battle over bank data has been bubbling away for over thirty years.
Around thirty years ago, a visionary bank CEO articulated what we
all knew then but many dared not say: “Banking is just bits and bytes.”
John Reed, the then chief executive of Citibank, is credited with this quote
and over the past three decades we have seen the import of this statement
become clearer and clearer.
Back in the 1980s, when John Reed made this statement, banks did
not have call centres or Internet banking, just branches. Even then, the
processing of data and the importance of data to the bank were prescient.
This is because banks had moved through the 1960s and 1970s automating
back-office functions using mainframe computing and were heavily
processing data in the back office.
The first—and largest—processor of data about money was Visa, the
commercial organisation spawned by BankAmericard, the credit card that

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stormed the United States in the 1960s. The company automated the paper and
carbon billing processes that hampered the industry back then. Fast-forward to
today and Visa processes billions of trillions of bytes of data every day.
Things changed very slowly, from the large-scale mainframe automation
of Visa and the banks in the 1970s to where we are today, and are all a result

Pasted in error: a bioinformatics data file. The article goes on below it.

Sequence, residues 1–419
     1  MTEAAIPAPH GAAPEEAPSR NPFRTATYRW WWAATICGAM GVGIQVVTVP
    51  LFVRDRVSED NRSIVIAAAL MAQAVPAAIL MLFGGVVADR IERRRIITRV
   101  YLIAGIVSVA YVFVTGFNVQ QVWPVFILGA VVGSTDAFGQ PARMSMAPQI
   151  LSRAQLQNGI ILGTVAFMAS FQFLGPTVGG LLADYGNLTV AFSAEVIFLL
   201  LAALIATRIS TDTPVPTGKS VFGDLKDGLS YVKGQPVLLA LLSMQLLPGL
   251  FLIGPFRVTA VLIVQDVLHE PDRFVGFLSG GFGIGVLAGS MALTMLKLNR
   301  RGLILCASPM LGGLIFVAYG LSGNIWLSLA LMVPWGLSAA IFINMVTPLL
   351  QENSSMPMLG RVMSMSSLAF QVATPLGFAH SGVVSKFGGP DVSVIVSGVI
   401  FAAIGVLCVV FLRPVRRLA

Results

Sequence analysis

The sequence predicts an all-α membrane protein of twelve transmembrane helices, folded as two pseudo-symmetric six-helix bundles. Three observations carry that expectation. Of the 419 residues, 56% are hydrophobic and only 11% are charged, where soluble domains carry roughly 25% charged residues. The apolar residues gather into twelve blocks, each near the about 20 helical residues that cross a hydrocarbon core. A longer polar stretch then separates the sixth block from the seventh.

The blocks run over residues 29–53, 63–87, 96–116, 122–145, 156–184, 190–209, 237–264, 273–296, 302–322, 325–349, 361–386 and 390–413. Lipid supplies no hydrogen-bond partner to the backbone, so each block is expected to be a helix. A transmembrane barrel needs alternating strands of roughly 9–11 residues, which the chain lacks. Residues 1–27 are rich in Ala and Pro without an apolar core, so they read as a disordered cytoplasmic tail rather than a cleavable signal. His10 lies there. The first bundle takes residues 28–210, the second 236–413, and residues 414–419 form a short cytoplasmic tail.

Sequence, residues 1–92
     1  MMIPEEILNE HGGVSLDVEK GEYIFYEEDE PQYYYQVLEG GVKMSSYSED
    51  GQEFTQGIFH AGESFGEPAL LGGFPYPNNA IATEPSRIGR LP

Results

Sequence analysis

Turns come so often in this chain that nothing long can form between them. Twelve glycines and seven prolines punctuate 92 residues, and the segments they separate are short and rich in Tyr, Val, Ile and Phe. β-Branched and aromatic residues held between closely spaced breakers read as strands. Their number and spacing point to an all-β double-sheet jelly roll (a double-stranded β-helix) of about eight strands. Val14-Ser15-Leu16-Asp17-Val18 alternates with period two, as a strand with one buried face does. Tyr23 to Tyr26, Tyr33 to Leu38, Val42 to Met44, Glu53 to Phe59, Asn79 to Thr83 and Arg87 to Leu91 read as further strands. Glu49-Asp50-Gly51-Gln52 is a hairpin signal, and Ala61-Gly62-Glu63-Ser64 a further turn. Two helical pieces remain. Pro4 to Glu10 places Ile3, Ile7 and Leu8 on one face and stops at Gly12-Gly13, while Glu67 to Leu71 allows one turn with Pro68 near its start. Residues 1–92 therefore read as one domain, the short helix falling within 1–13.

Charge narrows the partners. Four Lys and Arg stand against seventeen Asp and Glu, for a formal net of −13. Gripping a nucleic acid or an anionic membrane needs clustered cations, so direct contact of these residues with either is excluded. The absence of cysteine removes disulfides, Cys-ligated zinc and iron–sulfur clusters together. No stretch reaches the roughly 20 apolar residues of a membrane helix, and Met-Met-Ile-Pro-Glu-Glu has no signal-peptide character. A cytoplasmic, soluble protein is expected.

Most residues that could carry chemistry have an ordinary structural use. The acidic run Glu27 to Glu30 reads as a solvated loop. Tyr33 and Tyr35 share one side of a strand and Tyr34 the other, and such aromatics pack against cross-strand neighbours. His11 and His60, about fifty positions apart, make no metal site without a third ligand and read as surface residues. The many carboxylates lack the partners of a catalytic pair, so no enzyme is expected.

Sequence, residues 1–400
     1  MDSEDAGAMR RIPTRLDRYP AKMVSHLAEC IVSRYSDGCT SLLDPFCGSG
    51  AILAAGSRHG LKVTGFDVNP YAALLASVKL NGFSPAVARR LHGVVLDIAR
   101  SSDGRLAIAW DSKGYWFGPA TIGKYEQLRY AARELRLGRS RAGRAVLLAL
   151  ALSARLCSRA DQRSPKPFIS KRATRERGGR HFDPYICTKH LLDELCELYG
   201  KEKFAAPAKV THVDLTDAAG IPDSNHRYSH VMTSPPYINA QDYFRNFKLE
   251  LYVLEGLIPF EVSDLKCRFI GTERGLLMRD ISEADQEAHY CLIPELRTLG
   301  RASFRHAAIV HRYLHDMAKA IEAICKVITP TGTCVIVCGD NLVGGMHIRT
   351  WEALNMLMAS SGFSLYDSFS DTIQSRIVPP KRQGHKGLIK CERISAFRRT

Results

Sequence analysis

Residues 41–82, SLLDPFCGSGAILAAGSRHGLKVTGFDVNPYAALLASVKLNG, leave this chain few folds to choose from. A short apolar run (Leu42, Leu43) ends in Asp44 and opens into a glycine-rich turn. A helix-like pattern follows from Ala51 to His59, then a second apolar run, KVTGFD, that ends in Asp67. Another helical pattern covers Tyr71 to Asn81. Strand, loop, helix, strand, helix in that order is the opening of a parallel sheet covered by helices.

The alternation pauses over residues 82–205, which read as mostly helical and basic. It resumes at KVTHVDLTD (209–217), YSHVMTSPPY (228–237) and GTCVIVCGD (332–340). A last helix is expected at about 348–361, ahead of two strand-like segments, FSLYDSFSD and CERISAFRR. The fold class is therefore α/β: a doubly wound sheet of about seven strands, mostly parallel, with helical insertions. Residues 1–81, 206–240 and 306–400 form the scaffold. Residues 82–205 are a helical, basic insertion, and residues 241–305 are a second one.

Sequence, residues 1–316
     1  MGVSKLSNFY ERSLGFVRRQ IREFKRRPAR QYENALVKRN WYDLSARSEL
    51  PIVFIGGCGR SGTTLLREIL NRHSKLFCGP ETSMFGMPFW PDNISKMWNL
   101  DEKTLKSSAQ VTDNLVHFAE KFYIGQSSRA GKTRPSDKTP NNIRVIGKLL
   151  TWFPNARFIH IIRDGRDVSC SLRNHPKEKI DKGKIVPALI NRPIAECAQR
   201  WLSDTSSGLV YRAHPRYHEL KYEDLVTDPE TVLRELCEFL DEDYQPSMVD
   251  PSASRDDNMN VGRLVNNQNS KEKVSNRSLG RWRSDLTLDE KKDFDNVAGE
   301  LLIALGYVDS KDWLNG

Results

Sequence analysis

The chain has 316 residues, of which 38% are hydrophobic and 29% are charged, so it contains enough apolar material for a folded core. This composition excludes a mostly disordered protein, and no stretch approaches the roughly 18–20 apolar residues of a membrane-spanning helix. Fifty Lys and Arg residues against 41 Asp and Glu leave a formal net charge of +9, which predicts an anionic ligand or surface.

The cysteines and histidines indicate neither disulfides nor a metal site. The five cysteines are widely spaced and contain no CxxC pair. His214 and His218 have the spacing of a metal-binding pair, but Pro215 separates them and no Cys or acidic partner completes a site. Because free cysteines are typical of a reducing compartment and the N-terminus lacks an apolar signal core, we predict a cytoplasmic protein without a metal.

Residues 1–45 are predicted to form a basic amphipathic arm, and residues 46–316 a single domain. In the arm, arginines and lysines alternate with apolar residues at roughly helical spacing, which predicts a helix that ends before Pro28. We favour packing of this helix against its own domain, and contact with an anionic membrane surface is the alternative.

of revolutions of compute power. Bear in mind that the automation that
put a man on the moon in 1969 was more basic than the automation you
now hold in your hand in the form of a smartphone, and you can pretty
much see why.
Compared to forty years ago when banks were automating the back
office and becoming large-scale data processors about money, Visa is now
processing 100 billion transactions a year whilst currency traders trade over
$5 trillion1 a day, and this amount of trading is growing exponentially.
These numbers reflect the explosion of data around the world thanks
to the ubiquity of technology. The fact that the majority of people on the
planet have a mobile telephone, tablet computer, laptop or other form of
technology in their possession is part of the reason for this change.
Today, we talk about more data being produced in a year than in the
whole history of mankind but what does this actually mean? In practice, it
can best be illustrated by thinking about the complete works of Shakespeare.
William Shakespeare, the bard and playwright, produced magnificent
plays, dramas, tragedies, sonnets and poems. If you were to look at the total
output of his work as a computer file, his complete works would amount
to about 5 megabytes of data. Today, we produce 500 billion works of
Shakespeare every day. Yes, that’s right, 500 billion works of Shakespeare
or, if you prefer the computer number, 2.5 exabytes of data per day. An
exabyte is a 1 with 18 zeroes after it, or 1,000,000,000,000,000,000 bytes.